The most valuable metadata often isn’t stored in a database or data lake. It’s stored in the brains of people. In other words, the data owners and experts who are often spread throughout the enterprise.
Understanding table relationships, completeness or emptiness indicators, and table structure is far too big a job for one person. The knowledge is split up among the various domain experts who use the data regularly and the IT analysts who create and maintain the data structure. Everything from quality metrics (e.g., ‘99999’ means null in this attribute) to data origins (e.g., average county income was used for the ‘income’ attribute) to much more nuanced information (e.g., inflation in the US vs. inflation in Mexico) is stored somewhere in the minds of your owners and experts. Once you have identified the business goals and what kind of data you’ll require, make sure you verify with these experts that you have everything you need, and that you have what you think you have.
Beyond verifying that you have what you need, however, people can also help you find the metadata by registering it in the catalog in the first place, as well as by collaboratively annotating it.
Data changes constantly. New business initiatives and needs pop up every day. Responding to all these changes ad hoc is not going to lead to long-term data stability. Instead, create a more deliberate process for reviewing metadata changes and monitoring data streams for change. Metadata is a critical part of a healthy data ecosystem, but it only takes one oversight or mistake to render it ineffective.
Clearly, this last step is the most difficult to implement. Part of this implementation is deciding what tools to use for tracking and maintaining data deltas.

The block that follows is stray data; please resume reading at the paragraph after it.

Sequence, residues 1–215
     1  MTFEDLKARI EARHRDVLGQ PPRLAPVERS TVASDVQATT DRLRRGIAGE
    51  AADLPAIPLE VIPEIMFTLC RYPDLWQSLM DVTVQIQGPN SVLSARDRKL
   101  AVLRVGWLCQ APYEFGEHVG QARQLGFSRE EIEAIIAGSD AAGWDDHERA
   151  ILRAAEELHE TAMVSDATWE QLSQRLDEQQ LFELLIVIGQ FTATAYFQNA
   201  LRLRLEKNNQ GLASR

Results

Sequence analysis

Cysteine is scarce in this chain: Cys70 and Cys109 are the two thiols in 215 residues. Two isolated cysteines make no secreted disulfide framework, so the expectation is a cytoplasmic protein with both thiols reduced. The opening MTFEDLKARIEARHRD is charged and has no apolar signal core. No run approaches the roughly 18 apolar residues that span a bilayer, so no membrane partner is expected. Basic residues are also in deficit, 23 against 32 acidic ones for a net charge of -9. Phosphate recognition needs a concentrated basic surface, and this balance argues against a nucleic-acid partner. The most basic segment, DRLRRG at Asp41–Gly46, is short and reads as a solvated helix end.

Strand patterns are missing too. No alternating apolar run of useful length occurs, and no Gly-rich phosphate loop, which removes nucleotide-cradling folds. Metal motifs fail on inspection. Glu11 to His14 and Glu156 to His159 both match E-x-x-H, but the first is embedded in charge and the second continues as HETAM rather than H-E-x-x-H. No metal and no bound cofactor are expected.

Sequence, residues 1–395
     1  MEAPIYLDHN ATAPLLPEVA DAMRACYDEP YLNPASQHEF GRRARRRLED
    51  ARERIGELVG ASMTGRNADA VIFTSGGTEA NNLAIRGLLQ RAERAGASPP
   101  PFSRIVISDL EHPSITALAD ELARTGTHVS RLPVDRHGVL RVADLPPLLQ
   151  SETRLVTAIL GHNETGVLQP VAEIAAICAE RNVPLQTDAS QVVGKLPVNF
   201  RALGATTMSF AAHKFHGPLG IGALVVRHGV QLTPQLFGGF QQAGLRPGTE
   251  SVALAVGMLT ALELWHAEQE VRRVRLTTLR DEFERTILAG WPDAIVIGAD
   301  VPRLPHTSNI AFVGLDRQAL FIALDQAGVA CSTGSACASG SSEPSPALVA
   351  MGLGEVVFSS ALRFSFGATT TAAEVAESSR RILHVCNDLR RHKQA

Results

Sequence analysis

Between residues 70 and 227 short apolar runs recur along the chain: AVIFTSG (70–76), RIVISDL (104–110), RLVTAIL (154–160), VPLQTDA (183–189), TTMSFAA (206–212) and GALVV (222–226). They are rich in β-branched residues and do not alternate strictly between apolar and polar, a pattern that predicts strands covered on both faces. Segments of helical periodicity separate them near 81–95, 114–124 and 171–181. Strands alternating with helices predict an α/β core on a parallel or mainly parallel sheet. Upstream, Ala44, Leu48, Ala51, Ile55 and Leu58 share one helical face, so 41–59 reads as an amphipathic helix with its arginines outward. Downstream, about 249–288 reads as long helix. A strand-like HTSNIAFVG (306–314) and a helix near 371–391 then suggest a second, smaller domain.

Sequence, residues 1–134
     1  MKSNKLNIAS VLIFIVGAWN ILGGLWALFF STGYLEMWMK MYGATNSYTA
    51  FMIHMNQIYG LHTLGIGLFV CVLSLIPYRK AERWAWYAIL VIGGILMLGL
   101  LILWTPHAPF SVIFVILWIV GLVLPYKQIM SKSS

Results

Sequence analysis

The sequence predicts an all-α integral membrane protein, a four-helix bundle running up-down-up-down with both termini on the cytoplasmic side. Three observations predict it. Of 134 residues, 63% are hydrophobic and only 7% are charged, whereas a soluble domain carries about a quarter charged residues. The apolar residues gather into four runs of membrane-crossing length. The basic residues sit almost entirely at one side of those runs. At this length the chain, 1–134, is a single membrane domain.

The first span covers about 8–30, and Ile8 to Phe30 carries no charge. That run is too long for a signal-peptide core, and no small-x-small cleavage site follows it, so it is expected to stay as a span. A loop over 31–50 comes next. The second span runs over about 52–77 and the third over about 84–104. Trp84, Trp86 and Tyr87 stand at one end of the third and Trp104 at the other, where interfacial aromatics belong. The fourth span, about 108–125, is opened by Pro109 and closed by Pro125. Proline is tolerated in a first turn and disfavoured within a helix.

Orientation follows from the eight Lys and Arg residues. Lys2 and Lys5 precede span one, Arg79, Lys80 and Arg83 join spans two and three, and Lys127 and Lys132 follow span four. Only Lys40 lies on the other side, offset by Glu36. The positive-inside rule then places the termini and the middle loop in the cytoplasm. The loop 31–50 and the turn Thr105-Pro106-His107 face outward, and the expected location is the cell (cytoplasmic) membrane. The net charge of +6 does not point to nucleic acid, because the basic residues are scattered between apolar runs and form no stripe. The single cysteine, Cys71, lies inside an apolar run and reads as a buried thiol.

Master Data Management (MDM) software, which uses user-defined rules for matching entities and mapping attributes, was developed for exactly this reason. And many MDM tools have been incredibly effective in mapping segments of a data ecosystem. But there are a few problems with using this top-down, rigid approach in today’s world of data lakes and Big Data: namely, we don’t know what we don’t know.
Some of the newer enterprise data unification products are trying to overcome this problem by using human-guided machine learning. Algorithms automatically connect the vast majority of data sources and resolve duplications, errors and inconsistencies among entities and attributes. When the system can’t resolve connections automatically, it calls on people in the organization familiar with the data to weigh in on the mapping and improve its quality and integrity. As a result, the data gets better and better over time.
So that when you do start with the hard questions — as these best practices encourage you to do — you’ll have some quick help identifying the sources, attributes and key experts that are central to good metadata management.
Maggie Soderholm is a field engineer at Tamr, Inc.. where she helps customers deploy metadata catalogs and other enterprise data unification software. Before joining Tamr, she was a data analyst on the Business Intelligence Team at Evernote, where she helped create the infrastructure for storing and pulling data as well as accessing reports and dashboards. She holds a degree in statistics from Carnegie Mellon University.